Texas guard Kerwin Roach II (12) celebrates a win over against West Virginia 87-79 in the NCAA Game on Saturday, March 3, 2018. RICARDO B. BRAZZIELL / AMERICAN-STATESMAN

Men's Basketball

Kerwin Roach on testing the NBA waters: ‘It’s a great way to get feedback, which is key’

Longhorns junior will not sign with an agent, thereby protecting his amateur status if he chooses to return

Posted March 27th, 2018

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Texas guard Kerwin Roach II hasn’t decided to go pro. He hasn’t decided to return for his senior season with the Longhorns. He hasn’t decided anything, really.

Roach simply wants to see where he stands with NBA decision-makers. To get the ball rolling, the 6-foot-4 junior declared for the NBA draft on Tuesday, but Roach will not sign with an agent, thereby protecting his amateur status.

Texas guard Kerwin Roach II (12) shoots over Oklahoma State guard Lindy Waters III (21) during an NCAA college basketball game in Austin, Texas, on Saturday, Feb. 24, 2018. NICK WAGNER / AMERICAN-STATESMAN

“It’s a great opportunity for yourself,” Roach said just before a workout inside Cooley Pavilion. “It’s a great way to get feedback, which is key. So you might as well get information while it’s available.”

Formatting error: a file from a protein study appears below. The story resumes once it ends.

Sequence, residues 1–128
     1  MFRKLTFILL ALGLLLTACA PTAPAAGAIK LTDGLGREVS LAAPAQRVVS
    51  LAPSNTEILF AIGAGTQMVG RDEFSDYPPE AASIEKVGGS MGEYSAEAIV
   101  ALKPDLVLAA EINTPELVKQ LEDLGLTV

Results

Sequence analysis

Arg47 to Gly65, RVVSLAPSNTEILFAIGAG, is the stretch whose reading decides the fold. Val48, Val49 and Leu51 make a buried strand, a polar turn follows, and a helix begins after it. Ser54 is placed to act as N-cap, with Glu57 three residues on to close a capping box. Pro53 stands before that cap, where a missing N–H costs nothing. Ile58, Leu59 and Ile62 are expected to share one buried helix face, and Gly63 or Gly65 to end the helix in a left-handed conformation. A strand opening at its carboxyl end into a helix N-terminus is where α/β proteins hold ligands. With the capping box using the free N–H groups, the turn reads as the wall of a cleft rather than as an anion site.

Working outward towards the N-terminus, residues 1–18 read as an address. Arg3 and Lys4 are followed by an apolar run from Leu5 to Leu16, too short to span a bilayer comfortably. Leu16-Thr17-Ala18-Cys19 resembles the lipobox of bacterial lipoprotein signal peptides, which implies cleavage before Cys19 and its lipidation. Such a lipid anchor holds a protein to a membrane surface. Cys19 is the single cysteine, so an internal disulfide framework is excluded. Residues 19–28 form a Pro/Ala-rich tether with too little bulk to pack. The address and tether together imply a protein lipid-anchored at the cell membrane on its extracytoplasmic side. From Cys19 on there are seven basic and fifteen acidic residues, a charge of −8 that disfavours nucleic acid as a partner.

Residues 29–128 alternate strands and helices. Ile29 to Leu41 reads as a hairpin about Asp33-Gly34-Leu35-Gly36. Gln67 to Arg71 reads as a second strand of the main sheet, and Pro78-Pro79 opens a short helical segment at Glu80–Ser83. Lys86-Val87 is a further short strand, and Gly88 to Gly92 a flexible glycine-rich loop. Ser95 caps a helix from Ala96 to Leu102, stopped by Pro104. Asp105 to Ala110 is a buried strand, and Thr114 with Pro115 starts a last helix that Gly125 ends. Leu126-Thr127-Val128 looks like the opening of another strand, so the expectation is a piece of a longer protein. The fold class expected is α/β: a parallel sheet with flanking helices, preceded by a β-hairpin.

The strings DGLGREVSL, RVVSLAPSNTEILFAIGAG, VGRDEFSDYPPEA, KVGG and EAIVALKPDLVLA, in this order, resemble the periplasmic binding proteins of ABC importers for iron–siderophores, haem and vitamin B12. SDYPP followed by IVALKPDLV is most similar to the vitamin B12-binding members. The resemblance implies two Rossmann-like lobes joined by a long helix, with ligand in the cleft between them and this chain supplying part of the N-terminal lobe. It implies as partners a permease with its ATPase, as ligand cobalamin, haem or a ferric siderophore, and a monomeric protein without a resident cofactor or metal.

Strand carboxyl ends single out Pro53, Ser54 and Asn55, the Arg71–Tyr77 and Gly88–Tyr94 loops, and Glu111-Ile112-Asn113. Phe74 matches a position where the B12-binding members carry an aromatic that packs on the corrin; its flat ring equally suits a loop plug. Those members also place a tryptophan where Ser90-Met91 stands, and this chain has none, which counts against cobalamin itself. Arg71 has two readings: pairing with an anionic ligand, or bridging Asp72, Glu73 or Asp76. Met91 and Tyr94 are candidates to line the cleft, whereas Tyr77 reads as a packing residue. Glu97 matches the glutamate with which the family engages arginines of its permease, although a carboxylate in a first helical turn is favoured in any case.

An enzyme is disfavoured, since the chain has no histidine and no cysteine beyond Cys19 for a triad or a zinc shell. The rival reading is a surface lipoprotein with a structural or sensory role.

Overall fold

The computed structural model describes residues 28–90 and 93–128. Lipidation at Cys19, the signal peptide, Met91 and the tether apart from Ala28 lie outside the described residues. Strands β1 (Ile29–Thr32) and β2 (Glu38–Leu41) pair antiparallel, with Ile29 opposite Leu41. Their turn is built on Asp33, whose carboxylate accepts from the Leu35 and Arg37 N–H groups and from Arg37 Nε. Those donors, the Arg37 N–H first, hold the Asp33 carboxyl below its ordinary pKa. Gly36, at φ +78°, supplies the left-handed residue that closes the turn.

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The NCAA changed the rules last year specifically for guys like Roach. Players could participate in private NBA workouts, hear directly from general managers and then make a decision whether to go pro or go back to school — provided they did not sign with an agent.

Andrew Jones did this exact thing last spring after his freshman season. Jones went to Chicago, participated in the NBA scouting combine and then chose to come back to UT.

As for whether Roach has decided on his future, he said, “I haven’t thought about that. My family and I haven’t really discussed that.

“Right now, we just want as much information and feedback as we can get,” Roach said. “That’s the main idea, main objective right now, and to correct the areas they say I’m lacking in.”

Roach had a career-year scoring wise this past season with the Horns. He averaged 12.4 points per game and piled up a career-high 26 points against Nevada in the NCAA Tournament. He’s a 33-percent shooter from 3-point range and hit 63.6 percent from the free-throw line.

Roach is known for defense. He routinely guarded the opposing team’s best offensive player. Former teammate Mo Bamba said Tuesday that Roach does things “that don’t show up in the stat sheet” by playing defense. But Roach could be inconsistent on that end, too.

NBA GMs pull no punches, and Roach really doesn’t want them to. He hopes to be invited to the NBA scouting combine in Chicago to showcase his skills. Then, Roach and his family can make a decision, he said.

“I got some feedback that I was inconsistent throughout the season with free throw shooting and ball handling,” Roach said. “These workouts coming up, that’s what I’m going to show them.”

Contact Brian Davis at 512-445-3957. Email bdavis@statesman.com.

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